The Historical Development of Quantum Theory

Part 1 The Fundamental Equations of Quantum Mechanics 1925-1926 Part 2 The Reception of the New Quantum Mechanics 1925-1926
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ISBN-13:
9780387951782
Einband:
Paperback
Erscheinungsdatum:
28.12.2000
Seiten:
332
Autor:
Helmut Rechenberg
Gewicht:
505 g
Format:
235x155x17 mm
Sprache:
Englisch
Beschreibung:

Quantum Theory, together with the principles of special and general relativity, constitute a scientific revolution that has profoundly influenced the way in which we think about the universe and the fundamental forces that govern it. The Historical Development of Quantum Theory is a definitive historical study of that scientific work and the human struggles that accompanied it from the beginning. Drawing upon such materials as the resources of the Archives for the History of Quantum Physics, the Niels Bohr Archives, and the archives and scientific correspondence of the principal quantum physicists, as well as Jagdish Mehra's personal discussions over many years with most of the architects of quantum theory, the authors have written a rigorous scientific history of quantum theory in a deeply human context. This multivolume work presents a rich account of an intellectual triumph: a unique analysis of the creative scientific process. The Historical Development of Quantum Theory is science, history, and biography, all wrapped in the story of a great human enterprise. Its lessons will be an aid to those working in the sciences and humanities alike.
The Historical Development of Quantum Theory is a definitive historical study of that scientific work and the human struggles that accompanied it from the beginning.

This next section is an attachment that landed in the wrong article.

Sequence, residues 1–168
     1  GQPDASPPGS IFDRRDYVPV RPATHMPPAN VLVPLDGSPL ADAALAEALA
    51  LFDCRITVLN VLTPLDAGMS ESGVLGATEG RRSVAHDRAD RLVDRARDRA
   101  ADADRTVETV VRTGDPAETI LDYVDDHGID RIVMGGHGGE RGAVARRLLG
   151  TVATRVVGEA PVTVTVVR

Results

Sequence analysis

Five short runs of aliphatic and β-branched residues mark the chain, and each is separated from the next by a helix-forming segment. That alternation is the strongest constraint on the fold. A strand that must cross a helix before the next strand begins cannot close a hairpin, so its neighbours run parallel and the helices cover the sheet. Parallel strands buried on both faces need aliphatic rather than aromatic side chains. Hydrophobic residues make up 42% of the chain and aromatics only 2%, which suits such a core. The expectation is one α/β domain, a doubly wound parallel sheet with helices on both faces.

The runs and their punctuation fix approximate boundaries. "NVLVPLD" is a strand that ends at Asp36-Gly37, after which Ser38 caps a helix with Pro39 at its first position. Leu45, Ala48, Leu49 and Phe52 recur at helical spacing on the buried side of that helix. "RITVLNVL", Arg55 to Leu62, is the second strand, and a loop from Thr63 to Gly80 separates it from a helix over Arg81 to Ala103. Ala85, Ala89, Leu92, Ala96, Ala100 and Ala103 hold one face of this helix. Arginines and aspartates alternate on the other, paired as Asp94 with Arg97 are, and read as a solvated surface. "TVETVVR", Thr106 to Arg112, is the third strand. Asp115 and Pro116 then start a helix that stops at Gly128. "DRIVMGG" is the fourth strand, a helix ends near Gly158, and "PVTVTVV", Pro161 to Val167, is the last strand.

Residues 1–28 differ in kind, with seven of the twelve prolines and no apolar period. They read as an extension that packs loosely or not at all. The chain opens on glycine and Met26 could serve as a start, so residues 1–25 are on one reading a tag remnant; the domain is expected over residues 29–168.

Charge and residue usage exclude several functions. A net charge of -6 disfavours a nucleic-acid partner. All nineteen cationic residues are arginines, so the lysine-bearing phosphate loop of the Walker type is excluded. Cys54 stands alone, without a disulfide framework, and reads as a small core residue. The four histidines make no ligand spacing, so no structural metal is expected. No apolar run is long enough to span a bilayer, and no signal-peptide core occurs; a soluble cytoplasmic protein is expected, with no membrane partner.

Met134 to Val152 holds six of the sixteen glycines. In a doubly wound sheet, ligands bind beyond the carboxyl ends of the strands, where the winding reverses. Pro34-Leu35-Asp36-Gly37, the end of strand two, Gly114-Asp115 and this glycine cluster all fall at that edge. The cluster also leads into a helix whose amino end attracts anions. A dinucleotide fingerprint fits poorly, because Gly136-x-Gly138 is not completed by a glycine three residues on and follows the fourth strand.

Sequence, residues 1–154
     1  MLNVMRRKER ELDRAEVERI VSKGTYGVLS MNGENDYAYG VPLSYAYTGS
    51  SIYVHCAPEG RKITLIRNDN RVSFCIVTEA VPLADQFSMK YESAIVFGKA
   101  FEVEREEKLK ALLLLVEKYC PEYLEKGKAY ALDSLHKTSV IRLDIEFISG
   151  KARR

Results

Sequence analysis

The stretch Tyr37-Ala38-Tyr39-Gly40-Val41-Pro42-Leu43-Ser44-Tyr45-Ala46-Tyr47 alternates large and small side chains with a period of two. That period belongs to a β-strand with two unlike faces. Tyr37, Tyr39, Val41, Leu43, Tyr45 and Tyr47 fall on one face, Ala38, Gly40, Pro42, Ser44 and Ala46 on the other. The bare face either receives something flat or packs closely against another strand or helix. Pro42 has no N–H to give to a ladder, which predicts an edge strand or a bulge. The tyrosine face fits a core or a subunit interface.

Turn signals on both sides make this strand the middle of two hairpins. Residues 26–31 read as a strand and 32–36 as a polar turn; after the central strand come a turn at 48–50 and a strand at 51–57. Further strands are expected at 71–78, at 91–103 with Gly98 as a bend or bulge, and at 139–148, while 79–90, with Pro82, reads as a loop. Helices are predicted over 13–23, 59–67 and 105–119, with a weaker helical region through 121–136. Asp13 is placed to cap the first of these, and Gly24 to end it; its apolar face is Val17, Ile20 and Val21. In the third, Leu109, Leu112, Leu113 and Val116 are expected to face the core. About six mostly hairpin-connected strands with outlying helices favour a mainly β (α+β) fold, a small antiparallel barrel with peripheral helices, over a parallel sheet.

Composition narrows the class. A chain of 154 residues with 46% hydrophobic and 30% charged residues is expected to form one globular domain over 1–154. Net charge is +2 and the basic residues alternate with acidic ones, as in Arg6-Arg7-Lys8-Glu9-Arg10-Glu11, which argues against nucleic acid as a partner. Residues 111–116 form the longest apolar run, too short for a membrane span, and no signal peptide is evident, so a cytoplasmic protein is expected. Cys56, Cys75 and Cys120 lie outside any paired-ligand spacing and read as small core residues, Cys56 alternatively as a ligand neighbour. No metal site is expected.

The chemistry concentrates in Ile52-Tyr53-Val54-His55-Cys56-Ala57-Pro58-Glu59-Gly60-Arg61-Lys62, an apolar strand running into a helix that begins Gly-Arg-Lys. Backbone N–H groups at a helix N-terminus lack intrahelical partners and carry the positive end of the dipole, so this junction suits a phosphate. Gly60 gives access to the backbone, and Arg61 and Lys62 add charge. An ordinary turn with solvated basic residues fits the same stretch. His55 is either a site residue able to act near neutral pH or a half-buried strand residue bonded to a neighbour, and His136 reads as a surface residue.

I: The Fundamental Equations of Quantum Mechanics, 1925-1926.- I Paul Dirac's Intellectual Development.- I.1 Growing Up in Bristol.- I.2 The Education of an Electrical Engineer.- I.3 Studying Applied Mathematics.- I.4 The Fascination of Relativity Theory.- II Student in Cambridge.- II.1 The Cambridge Environment.- II.2 Quantum Theory in Cambridge.- II.3 Activities of a Student: Lectures, Seminars and Private Study.- III The Making of a Quantum Physicist.- III.1 First Steps in Research.- III.2 The Principle of Detailed Balancing.- III.3 An Extension of the Adiabatic Principle.- III.4 Growing Involvement in Quantum Physics.- IV The Reformulation of Dynamical Laws.- IV.1 Key to the Quantum Mystery.- IV.2 The Dynamical Significance of Noncommutativity.- IV.3 Steps towards a Quantum Algebra.- IV.4 The Hamiltonian Scheme of Quantum Mechanics.- V q-Numbers at Work.- V.1 On q- and c-Numbers.- V.2 The Introduction of Action-Angle Variables.- V.3 A Preliminary Investigation of Many-Electron Atoms.- V.4 Quantum Time and 'Relativity Quantum Mechanics'.- V.5 Towards New Horizons.- 2: The Reception of the New Quantum Mechanics, 1925-1926.- I A Welcome to the New Theory: Göttingen and Copenhagen.- II Propagation of Quantum Mechanics in Europe.- III Early Reviews and Lectures on Quantum Mechanics.- IV Enthusiastic Response in the United States.- V The Changing Horizon.- References.- Author Index.

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